Summer is no problem but things look worse when it gets cold. The amount of vapor a propane can produce depends on the amount of liquid in the tank and it's temperature. It doesn't help that you are using vertical tanks because the reduced surface area produces less vapor than a horizontal tank. So, come winter if your generator seems to be having trouble the first thing I would check is the fuel supply. Your propane tank setup may not be able to supply vapor fast enough to allow the generator to run at full load when the tanks are low.

So, on a really cold night even though the gauges on your tanks say you still have 20% left there might not be enough liquid to produce enough vapor to keep your generator running at full output. This would cause the generator to run lean and may sputter, run rough or shut down altogether. All you have to do though is reduce the load on the generator or get more fuel in your tanks.



If you look at the above chart you can see that a 120 gallon tank at -10f (the top chart) when 60% full can provide about 81'000 btu of vapor. All three of your tanks then are closeish to providing the 300'000 your generator could use at full load. But when you get down to only 20% left those three tanks can only provide about 150'000 btu of vapor which is only enough to allow your generator to run at half load.
 
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Old 06-11-19, 03:44 PM
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Wow, that's some information! I guess the gas company is just like "sure, you can get more tanks"....And so, 3 seems better than one. Cold weather operation is really the crux of the biscuit here. I would have like to have put a big horizontal tank in when we moved in, but the house sits on ledge, so burying it is out, and the terrain is rough enough that if we put in an above ground tank far enough from the house for code, they probably couldn't reach it to fill! I've heard stories up here from old timers about how they used build wood fires around outdoor propane tanks in the winter to keep them vaporizing! Yikes!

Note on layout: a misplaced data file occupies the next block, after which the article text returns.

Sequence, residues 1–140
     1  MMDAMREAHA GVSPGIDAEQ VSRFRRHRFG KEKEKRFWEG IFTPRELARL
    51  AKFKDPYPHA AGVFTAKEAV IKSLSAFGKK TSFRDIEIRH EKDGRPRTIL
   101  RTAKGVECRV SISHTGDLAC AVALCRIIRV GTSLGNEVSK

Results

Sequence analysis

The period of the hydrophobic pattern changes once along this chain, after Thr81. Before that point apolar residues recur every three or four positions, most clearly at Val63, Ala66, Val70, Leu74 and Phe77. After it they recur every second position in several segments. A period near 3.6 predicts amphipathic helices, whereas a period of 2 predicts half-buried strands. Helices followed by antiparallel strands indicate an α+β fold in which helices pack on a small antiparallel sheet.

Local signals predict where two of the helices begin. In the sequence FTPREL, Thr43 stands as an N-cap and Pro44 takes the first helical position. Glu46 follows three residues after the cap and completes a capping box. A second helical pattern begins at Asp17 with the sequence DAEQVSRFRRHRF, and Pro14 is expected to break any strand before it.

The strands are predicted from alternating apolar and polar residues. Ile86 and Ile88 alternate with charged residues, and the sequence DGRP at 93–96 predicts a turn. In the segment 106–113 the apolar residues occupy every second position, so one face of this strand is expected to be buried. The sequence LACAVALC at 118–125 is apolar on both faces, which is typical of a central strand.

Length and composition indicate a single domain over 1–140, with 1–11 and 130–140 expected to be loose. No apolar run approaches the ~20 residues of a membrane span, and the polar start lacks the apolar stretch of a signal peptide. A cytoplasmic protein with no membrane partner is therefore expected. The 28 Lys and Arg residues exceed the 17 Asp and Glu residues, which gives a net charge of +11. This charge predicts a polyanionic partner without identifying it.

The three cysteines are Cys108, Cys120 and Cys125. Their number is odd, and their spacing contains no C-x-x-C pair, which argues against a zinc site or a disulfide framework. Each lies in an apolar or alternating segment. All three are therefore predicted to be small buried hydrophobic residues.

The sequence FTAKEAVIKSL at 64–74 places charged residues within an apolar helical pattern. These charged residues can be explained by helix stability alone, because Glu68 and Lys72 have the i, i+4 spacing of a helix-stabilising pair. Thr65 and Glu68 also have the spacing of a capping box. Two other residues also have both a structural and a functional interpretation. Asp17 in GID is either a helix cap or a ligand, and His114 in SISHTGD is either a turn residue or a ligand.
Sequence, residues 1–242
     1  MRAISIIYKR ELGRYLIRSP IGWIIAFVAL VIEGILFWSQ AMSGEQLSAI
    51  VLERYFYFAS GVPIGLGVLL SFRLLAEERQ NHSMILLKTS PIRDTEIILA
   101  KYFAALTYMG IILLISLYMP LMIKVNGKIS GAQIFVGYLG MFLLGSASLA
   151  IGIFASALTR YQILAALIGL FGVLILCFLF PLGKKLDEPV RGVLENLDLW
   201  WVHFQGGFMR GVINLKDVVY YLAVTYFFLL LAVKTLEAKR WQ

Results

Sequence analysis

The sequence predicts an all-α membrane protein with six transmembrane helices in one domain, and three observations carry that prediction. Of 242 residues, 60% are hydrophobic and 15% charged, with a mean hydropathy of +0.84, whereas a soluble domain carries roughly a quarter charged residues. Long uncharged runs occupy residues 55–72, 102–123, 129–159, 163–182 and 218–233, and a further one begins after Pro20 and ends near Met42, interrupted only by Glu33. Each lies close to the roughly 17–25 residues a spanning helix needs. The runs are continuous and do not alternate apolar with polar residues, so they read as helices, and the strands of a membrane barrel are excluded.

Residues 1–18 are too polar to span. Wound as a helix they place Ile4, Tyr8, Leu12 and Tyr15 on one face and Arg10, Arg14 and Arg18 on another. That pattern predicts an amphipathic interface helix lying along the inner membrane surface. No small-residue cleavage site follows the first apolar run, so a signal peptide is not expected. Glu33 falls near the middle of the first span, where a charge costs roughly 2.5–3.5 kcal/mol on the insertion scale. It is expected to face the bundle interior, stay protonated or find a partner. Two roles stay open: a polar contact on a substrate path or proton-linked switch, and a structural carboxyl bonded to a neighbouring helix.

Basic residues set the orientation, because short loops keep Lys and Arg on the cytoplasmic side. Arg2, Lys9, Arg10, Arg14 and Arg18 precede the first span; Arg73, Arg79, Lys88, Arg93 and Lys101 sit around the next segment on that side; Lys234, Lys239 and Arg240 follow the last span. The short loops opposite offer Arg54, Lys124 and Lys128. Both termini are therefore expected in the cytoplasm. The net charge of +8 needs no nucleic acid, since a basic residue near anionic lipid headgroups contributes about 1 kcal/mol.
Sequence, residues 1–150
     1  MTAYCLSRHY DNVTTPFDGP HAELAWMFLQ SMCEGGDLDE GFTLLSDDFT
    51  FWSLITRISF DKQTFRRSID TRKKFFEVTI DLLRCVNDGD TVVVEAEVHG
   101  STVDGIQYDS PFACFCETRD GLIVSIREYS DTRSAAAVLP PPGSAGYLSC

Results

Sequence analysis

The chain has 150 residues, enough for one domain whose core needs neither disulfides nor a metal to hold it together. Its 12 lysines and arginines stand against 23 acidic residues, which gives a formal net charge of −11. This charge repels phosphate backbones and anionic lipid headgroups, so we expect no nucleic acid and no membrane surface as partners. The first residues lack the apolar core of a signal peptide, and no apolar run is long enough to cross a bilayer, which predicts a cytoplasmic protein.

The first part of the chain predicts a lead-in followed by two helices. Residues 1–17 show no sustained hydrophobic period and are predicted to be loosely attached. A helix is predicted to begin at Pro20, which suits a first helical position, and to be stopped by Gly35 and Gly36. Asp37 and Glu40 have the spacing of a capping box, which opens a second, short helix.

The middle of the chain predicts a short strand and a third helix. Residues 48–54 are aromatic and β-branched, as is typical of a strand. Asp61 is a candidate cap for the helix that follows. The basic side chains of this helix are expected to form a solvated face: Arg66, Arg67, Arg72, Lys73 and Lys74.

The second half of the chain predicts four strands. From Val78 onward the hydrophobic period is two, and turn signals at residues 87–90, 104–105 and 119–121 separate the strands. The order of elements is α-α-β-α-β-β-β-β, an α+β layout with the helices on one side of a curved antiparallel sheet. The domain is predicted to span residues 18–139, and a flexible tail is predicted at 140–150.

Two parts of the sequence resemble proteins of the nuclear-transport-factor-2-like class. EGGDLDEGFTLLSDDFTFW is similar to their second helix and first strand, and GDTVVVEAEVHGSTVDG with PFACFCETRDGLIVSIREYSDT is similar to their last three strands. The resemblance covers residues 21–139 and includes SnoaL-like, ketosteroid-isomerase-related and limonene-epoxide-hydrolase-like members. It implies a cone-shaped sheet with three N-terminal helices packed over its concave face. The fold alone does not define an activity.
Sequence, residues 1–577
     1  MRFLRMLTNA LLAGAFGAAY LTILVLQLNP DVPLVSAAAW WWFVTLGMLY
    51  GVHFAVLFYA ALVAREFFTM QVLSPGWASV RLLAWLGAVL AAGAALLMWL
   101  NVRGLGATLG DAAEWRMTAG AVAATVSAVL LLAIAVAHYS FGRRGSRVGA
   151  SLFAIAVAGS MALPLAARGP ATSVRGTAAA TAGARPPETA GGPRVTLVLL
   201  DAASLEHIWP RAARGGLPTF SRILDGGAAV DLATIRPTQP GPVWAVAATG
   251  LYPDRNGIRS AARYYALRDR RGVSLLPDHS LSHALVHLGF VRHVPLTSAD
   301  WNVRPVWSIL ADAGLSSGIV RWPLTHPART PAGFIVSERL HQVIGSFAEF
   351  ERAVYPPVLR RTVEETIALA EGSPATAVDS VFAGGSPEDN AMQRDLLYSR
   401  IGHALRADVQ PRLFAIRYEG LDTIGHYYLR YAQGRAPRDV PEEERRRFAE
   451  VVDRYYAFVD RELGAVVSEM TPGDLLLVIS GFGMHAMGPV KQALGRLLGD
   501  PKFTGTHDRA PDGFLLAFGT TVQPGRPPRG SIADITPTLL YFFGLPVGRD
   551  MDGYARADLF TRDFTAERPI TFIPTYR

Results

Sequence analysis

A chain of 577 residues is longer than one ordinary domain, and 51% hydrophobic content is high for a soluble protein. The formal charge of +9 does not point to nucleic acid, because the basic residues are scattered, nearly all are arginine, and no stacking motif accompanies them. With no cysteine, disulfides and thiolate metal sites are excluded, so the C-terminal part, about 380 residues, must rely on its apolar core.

So, what's my solution?
 
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Old 06-11-19, 04:16 PM
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So, what's my solution?
Add more tanks. Each tank will increase the standby capacity.
 
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Old 06-12-19, 02:56 AM
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You could ask your propane supplier about them supplying a vaporizer.
Your set up uses propane that boils off a supply of liquid in the tank that is supplied to your propane equipment.
For a vaporizer system you would connect a liquid supply instead of vapor to the vaporizer which from heat generated by a small flame would flash the liquid propane into vapor form.
They are fairly common here on systems that can not install enough tanks to get capacity in sub-zero temperatures.